Getting sick from eating restaurant food is never nice. In some situations a foodborne illness can be grave enough to involve high costs that might justify a lawsuit. The FDA estimates
that foodborne illnesses in the United States result in about 128,000 hospitalizations and 3,000 deaths each year. When an illness leads to significant costs or even death, a lawsuit may be a necessary step to recover compensation.
Tracing the origin of foodborne illness
Determining the source of contamination is a central challenge in cases involving foodborne illness. Bacteria and viruses can be introduced into food at any point in its product lifecycle. Here are some examples:
- Contaminated soil might stay on plants from farm to plate.
- Improperly cleaned equipment could spread bacteria at a meat processing plant.
- A sick restaurant worker could forget to wash his or her hands and spread illness.
For the injured plaintiff, the problem will be proving that the restaurant was the source of the disease. To cast doubt on the restaurant’s liability, the restaurant’s attorneys will undoubtedly scrutinize all the other potential ways the plaintiff may have been exposed to the cause of the disease. Evidence in these cases can be ephemeral, as the plaintiff’s leftovers are tossed into the garbage or composted.
Potential legal theories
Products liability is the most likely legal theory to arise in a foodborne illness case. In Nevada, responsibility for unsafe consumer products rests with every step in the product’s life cycle, from its original manufacturing to its storage and eventual sale. NRS 695E.090. In the case of food, this might include the farm where the food was raised, a processing facility, a warehousing company, a distributor, or the restaurant that prepared and served the food to the plaintiff.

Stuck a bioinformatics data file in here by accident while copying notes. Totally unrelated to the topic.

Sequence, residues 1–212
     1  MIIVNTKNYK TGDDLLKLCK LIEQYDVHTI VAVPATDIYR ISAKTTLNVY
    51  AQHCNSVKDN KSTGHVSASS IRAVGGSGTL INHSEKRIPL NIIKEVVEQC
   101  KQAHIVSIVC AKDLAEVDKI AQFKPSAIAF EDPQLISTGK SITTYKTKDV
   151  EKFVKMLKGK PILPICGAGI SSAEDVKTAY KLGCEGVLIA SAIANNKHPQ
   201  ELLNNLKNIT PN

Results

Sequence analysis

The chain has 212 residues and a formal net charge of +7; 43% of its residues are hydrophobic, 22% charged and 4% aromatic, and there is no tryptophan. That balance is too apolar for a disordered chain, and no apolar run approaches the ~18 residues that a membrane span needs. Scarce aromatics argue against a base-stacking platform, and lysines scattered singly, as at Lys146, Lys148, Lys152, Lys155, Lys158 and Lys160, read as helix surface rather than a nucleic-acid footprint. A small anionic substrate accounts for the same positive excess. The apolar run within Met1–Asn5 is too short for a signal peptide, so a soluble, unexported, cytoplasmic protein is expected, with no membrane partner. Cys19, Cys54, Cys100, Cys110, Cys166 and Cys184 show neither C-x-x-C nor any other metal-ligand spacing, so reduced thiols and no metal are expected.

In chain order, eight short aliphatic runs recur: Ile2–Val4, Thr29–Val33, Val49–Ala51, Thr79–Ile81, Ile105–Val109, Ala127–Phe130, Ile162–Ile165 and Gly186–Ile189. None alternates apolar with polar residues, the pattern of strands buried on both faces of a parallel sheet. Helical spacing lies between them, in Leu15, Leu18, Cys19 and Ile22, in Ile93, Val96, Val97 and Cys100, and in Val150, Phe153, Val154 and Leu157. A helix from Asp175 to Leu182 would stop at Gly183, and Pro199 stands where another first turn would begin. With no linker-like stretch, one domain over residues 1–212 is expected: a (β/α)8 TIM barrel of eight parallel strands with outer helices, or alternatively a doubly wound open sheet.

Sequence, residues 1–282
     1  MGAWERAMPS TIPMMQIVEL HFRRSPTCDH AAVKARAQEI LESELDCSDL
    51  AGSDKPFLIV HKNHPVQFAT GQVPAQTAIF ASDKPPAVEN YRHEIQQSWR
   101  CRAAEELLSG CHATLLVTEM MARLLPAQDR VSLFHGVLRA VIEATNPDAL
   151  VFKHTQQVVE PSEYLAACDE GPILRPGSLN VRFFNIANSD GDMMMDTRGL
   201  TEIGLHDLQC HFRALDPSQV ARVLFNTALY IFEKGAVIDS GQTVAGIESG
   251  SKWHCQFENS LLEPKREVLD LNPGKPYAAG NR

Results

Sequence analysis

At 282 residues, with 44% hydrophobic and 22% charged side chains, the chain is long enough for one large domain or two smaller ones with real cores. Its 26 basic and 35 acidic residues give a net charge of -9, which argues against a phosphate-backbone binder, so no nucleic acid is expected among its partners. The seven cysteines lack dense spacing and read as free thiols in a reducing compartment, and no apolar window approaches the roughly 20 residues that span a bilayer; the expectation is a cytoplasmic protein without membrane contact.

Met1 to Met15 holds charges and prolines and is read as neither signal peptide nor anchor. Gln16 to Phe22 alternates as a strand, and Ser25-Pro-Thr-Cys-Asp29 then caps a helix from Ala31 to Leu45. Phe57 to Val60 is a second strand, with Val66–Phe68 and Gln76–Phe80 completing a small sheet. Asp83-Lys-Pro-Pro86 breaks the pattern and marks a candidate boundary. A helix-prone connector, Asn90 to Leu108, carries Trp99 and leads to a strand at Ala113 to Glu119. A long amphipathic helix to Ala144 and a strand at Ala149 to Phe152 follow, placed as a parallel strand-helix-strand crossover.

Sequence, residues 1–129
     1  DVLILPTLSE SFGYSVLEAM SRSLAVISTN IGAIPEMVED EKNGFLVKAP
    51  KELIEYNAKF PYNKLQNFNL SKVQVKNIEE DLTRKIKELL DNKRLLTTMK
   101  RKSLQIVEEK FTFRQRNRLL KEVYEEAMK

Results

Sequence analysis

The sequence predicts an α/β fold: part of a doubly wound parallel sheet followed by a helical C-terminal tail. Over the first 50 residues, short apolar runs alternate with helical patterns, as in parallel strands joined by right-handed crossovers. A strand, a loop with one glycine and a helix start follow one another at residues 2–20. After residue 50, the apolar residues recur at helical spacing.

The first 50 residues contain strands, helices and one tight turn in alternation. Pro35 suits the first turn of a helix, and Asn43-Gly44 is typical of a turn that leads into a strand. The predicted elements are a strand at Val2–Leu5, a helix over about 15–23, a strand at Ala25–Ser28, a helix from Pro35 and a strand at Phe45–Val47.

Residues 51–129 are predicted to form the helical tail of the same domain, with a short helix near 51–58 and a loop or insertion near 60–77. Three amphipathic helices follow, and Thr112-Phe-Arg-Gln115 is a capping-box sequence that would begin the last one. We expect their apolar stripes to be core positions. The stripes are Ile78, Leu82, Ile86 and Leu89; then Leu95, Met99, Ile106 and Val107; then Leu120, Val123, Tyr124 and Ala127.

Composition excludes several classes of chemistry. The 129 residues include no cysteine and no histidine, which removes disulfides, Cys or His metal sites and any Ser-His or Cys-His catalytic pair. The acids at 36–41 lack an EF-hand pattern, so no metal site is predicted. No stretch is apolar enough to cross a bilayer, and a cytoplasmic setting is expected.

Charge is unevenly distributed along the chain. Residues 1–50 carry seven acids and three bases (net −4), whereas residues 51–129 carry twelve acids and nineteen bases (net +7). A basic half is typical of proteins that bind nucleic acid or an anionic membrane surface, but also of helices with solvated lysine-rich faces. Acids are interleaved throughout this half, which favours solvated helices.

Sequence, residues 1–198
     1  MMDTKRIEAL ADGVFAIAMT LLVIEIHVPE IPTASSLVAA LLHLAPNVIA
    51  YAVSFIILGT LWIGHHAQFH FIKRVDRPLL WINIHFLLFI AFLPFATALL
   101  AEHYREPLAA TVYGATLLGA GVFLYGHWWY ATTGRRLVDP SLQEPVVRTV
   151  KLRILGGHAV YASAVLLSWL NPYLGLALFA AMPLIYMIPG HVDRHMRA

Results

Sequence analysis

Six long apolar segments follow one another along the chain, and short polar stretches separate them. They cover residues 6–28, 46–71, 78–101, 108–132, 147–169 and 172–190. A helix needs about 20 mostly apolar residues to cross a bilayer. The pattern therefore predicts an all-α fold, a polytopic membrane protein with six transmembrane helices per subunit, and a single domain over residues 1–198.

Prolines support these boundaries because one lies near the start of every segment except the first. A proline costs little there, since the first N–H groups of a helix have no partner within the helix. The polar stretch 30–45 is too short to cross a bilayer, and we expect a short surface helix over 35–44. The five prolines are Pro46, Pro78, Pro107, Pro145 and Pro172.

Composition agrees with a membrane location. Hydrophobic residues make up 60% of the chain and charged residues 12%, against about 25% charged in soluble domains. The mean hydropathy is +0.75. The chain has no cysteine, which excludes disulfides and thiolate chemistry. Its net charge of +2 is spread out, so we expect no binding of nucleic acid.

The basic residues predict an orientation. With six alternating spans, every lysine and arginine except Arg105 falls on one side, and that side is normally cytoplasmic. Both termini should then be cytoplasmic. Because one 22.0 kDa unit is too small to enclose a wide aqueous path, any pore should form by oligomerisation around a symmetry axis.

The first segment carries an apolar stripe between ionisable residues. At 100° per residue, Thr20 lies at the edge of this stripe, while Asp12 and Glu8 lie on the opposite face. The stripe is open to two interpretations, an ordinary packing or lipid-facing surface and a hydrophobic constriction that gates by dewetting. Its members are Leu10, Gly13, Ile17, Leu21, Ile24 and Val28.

A products liability lawsuit often argues that the defendant was negligent by not exercising reasonable care to prevent the plaintiff’s illness. Examples of negligence might include not properly washing food, not cooking it thoroughly, or not inspecting food for problems. A restaurant that fails to require its employees to wash their hands and take other precautions might also be committing negligence.
Strict products liability is an alternative to negligence. To prevail in a strict liability case, a plaintiff must establish, among other things, that the problem with the food was present at the time it left the defendant’s possession. Strict liability can be difficult to prove unless facts align in the plaintiff’s favor—perhaps other patrons also fell ill and can be identified, or the restaurant failed to comply with a manufacturer’s recall.
In the most tragic cases, a plaintiff may also consider pursuing a wrongful death claim. Wrongful death is also based on negligence. It allows specific types of plaintiffs to seek specific types of damages on behalf of someone who has died as a consequence of the defendant’s negligence.
GGRM can help
For over 40 years the law firm of Greenman Goldberg Raby Martinez has helped clients who have been injured recover the compensation they deserve. If you have been seriously harmed by foodborne illness and need help understanding your legal options, our attorneys are here to help. For a free attorney consultation call us today at 702-388-4476, or send us a request through our site